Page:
Tuesday 16 November 2010

Dancing With Myself: ANNE FRASIER interviews ANNE FRASIER

1) I’ll begin with a common question. Where do you write?

I can’t write if anyone is breathing within a mile of me, so a few years ago I came across a Gothic, prairie-style church in pretty much the middle of nowhere. It’s a fantastic place to write. There’s something about the sky-high ceiling that seems to open up my brain.

2) You’re always talking about music. Were you ever in a band?

No, but I used to think I could play guitar and sing. If I got drunk enough, I performed in my uncle’s bar. People would clap and say I was great, but they were always really, really drunk.

3) You’ve been writing for almost thirty years. If you had it to do over again, would you?

That’s a tough question, Anne. May I call you Anne? I think most writers are driven to write and they really have no choice in the matter. But would I choose to have that compulsion, that disease of writing, taken away? I don’t know. I almost think I would.

4) You’ve said that writers give up a lot. Could you expand on that?

We give up living our own lives to imagine other lives. I think it’s so hard to remain engaged in our own lives in a satisfying way.

5) But isn’t that like anything else? You have to find balance? You have to make room for your life?

Yes, but writers tread two worlds, and sometimes it’s hard to pull out of the fictional world. My husband once said to me, “You’re here, but you’re never really here.” Those words hurt, but I also knew he had a valid point.

6) Didn’t you write a short story about this very topic?

Why, yes I did! Thanks for asking! Max Under the Stars. The Kindle edition can be found on Amazon.

7) You said this interview would be funny. What happened?

Sorry, whenever I talk about writing I start navel-gazing.

8) Okay, since we’re being serious, what mistakes have you made in your career?

I could write a book about that. Going with the wrong agent right out of the gate. Staying with another agent for too many years. Not trusting myself. Not being in control of my career. Not speaking up. Letting things fester before discussing them with an editor or agent. The other side of that is learning to not make a big deal out of things that aren’t a big deal. Don’t be a pain in the ass.

9) That leads me to my next question. What advice would you give writers?

Don’t let a single individual derail your career. I finally left my agent of twenty years because he wouldn’t submit a project. (In the past I just said okay and crawled to a corner to whimper.) That rejected project has since sold to Grand Central Publishing. It will be my twentieth book and my first hardcover. My editor edits Jane Hamilton and Steve Martin. I’m thrilled. So when one expert tells you something you can’t bear to hear, something that stabs you in the heart, don’t accept it. Get more opinions. This is your career, your future, your dream.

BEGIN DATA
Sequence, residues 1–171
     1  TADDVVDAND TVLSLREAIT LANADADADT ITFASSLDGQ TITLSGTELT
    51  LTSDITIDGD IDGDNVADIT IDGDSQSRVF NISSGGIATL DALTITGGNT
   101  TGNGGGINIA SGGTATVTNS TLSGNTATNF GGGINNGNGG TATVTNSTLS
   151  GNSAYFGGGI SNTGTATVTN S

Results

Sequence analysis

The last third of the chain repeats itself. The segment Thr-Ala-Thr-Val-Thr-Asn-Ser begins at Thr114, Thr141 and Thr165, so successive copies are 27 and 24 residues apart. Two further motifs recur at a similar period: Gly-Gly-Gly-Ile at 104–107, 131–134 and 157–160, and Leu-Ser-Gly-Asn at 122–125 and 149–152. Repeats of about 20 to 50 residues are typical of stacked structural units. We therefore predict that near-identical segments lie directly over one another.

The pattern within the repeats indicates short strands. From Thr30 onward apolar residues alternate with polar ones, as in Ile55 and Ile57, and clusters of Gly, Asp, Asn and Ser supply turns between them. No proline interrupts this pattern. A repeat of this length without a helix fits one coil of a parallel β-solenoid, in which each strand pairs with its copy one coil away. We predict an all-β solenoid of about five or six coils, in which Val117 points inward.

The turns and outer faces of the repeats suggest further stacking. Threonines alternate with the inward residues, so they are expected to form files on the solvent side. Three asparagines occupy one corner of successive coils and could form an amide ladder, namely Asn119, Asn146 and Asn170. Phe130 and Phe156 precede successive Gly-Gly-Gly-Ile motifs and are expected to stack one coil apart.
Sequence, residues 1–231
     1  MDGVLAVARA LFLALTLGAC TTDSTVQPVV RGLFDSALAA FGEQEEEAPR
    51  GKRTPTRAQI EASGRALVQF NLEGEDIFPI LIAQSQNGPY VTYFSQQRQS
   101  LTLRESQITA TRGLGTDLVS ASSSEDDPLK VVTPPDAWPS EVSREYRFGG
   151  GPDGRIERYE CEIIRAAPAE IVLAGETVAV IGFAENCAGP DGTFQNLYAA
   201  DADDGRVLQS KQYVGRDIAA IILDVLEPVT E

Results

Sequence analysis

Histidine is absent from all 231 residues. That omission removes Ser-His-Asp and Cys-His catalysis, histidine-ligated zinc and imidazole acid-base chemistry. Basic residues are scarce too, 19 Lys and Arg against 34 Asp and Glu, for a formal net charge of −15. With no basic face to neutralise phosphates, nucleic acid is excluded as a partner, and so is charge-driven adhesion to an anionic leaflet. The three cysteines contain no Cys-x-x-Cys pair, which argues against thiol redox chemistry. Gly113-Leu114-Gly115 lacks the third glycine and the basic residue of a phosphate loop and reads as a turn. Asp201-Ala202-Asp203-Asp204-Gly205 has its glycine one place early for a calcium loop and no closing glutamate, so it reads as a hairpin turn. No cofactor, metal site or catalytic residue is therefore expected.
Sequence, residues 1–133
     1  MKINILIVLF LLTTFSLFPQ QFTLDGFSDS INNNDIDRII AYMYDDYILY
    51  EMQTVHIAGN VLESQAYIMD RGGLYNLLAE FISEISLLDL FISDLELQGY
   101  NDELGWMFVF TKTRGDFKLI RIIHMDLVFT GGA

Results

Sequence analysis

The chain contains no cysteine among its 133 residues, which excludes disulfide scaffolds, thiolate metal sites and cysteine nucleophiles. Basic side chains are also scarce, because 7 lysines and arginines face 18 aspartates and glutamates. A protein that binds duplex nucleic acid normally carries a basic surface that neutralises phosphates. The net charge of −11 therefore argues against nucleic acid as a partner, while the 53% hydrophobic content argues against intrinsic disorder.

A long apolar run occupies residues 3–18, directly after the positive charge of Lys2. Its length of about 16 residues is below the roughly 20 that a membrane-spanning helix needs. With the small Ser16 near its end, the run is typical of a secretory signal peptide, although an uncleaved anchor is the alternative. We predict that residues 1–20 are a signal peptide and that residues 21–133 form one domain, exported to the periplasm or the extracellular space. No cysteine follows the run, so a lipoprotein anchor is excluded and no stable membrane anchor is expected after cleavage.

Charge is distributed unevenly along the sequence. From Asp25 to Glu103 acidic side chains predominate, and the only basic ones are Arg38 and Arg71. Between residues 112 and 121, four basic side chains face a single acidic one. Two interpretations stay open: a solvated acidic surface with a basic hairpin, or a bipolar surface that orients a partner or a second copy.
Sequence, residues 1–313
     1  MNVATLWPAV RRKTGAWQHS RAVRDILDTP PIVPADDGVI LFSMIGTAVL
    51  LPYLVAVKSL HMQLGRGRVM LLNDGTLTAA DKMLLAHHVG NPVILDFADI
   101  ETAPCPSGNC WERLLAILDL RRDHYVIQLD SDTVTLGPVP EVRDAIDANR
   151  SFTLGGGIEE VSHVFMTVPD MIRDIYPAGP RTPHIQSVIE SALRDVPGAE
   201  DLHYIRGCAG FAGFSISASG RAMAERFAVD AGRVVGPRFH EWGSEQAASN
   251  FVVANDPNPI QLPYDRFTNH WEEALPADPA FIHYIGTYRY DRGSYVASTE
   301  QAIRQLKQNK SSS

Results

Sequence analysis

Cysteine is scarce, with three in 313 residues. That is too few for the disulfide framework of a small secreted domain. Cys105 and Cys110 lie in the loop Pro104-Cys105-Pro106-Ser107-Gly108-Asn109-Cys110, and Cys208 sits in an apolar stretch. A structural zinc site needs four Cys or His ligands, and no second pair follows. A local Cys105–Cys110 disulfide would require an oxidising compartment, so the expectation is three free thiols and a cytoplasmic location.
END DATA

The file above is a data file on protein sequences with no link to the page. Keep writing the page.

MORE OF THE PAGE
10) What are you working on now?

I’m in the processing of compiling a Halloween short-story anthology called Deadly Treats to be published September 2011 by Nodin Press. It’s a really fun read with fantastic stories by award-winning authors and emerging new talent. And for more frights and screams, my memoir, The Orchard, published by Grand Central Publishing, is slotted to come out about the same time.



  1. 'I think it’s so hard to remain engaged in our own lives in a satisfying way.'.. oh, yes ...Great interview with a splendid woman.Looking forward to The Orchard-and Deadly treats, of course!

  2. More good stuff from Sir Nigel. I agree wholeheartedly with #'s 8 & 9 (or at least know from where you're coming), Ms. Frasier.

  3. Thanks, guys! Fun project, Nigel! Thanks for the invitation.

  4. Indeed, I have said many times; writing is like a terminal disease.

    Writers also suffer that terrible insecurity. Riddled with self-doubt. But sometimes you have to find it in yourself to know someone else's opinion is wrong.

  5. It's so hard to know if my own writing has any value. I mean, I almost think it's impossible. I have to rely on people who are supposed to know these things, but my mistake was putting too much faith in experts. And yeah, that's when it actually becomes handy to have that terminal disease! Ha! It overrides the this-is-crap responses.

  6. Anne, your honesty makes you my hero! :)

  7. Question: Isn't she the best? Answer: Yes.

  8. Went to school on this one. Helped. A lot. Thanks.